We were delighted to hear the news last week that Otis Bolamu was granted the right to remain. Otis, originally from the Democratic Republic of the Congo but now truly claimed by Swansea, was detained and faced imminent removal at the end of 2018.
Otis’ community had something to say about this. Supported by Hay Brecon and Talgarth Sanctuary for Refugees, his campaign took off. There were notices up in the Oxfam shop in Swansea where Otis volunteered, Hay Festival (another place Otis had volunteered) gave ongoing support to his campaign, his representatives in the Welsh Assembly and Westminster got involved and nearly 70,000 people signed his online petition.
This is a beautiful story of solidarity but it’s also important to note that this was successful in combination with urgent, highly-skilled legal representation. Public campaigning alone is almost never enough but can be a boost to a legal case, as Otis’ lawyers have said themselves:
Going public is not ok for everyone. For some people, it would put them in danger if they were returned to their country – or their family in danger no matter what. Some people fear hostility from their community in the UK, or simply do not want the extra attention.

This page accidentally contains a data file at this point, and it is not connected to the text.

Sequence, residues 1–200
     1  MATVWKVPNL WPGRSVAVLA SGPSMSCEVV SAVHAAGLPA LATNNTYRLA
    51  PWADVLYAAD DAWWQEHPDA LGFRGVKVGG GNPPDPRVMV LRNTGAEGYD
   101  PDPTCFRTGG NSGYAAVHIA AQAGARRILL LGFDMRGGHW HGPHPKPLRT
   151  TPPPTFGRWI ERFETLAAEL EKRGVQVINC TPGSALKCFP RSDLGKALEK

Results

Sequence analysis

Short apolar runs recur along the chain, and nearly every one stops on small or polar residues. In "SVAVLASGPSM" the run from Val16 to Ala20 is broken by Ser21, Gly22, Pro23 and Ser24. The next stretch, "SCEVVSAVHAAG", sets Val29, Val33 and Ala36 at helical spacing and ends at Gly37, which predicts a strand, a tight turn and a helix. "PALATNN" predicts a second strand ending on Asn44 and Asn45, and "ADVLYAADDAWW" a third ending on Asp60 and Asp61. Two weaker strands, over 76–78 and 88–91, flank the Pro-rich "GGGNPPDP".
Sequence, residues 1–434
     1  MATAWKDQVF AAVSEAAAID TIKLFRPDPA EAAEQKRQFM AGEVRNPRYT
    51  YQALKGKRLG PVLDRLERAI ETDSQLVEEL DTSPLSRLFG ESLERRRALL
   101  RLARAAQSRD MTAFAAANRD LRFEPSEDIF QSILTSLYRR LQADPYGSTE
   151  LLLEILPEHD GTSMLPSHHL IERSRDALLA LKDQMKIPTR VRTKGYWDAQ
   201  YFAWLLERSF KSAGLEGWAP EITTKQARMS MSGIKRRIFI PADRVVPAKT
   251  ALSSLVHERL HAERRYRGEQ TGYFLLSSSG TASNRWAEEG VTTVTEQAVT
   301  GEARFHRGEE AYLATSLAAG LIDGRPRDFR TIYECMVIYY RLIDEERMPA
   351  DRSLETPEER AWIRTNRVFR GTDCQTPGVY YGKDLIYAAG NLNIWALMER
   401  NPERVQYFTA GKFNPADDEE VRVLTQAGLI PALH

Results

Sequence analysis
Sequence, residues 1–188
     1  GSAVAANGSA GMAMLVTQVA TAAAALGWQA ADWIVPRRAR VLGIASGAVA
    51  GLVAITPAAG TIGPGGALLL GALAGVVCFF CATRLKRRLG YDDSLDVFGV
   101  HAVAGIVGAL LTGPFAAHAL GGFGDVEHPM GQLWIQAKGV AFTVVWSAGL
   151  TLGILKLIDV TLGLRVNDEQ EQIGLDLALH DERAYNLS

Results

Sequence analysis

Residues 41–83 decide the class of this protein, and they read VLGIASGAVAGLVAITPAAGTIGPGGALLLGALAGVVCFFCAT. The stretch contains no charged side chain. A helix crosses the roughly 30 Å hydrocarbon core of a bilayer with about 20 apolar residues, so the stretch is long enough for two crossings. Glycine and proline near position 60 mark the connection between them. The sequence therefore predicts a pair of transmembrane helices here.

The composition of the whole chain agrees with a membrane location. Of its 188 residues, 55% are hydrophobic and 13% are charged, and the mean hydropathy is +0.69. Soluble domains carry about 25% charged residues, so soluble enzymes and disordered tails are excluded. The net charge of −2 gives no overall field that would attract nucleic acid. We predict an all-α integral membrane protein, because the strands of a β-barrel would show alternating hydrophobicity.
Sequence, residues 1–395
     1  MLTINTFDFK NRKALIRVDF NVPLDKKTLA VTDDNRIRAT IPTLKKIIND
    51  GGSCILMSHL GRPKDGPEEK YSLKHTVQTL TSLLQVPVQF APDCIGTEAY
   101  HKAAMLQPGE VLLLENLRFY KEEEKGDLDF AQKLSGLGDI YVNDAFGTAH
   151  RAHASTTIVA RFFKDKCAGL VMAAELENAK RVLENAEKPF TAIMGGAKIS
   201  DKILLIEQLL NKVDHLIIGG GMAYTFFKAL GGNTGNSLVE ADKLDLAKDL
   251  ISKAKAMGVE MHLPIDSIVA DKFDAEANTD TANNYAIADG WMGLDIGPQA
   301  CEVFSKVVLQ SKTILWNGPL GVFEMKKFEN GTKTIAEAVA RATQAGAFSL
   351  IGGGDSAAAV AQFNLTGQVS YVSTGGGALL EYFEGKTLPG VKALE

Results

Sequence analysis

Take a look at our video about the risks of going public with your story (as part of a campaign to get the right to stay in the UK):
You can watch the video in other languages – see our YouTube playlist here.
There are lots of things that friends, family and your community can help with that don’t involve going public. Have a look at the ACTION SECTIONS in the Right to Remain Toolkit for ideas.
Of course, justice should not just be for those who can leverage this incredible level of community support or media attention. Satbir Singh of JCWI wrote an excellent article about this – have a read here.
We are so glad that Otis’ community was there for him, but we wish it hadn’t been needed. We wish he had been made safe without this fight.
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